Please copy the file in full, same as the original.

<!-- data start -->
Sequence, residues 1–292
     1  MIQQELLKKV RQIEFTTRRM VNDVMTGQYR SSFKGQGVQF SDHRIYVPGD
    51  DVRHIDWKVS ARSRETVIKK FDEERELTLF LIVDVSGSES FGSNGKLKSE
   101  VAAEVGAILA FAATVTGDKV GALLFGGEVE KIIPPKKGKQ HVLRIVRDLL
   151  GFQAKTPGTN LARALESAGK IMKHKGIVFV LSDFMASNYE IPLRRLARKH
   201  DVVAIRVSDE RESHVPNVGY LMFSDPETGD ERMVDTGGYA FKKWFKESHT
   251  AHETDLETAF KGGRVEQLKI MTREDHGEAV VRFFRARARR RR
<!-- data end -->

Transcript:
Sequence, residues 1–292
     1  MIQQELLKKV RQIEFTTRRM VNDVMTGQYR SSFKGQGVQF SDHRIYVPGD
    51  DVRHIDWKVS ARSRETVIKK FDEERELTLF LIVDVSGSES FGSNGKLKSE
   101  VAAEVGAILA FAATVTGDKV GALLFGGEVE KIIPPKKGKQ HVLRIVRDLL
   151  GFQAKTPGTN LARALESAGK IMKHKGIVFV LSDFMASNYE IPLRRLARKH
   201  DVVAIRVSDE RESHVPNVGY LMFSDPETGD ERMVDTGGYA FKKWFKESHT
   251  AHETDLETAF KGGRVEQLKI MTREDHGEAV VRFFRARARR RR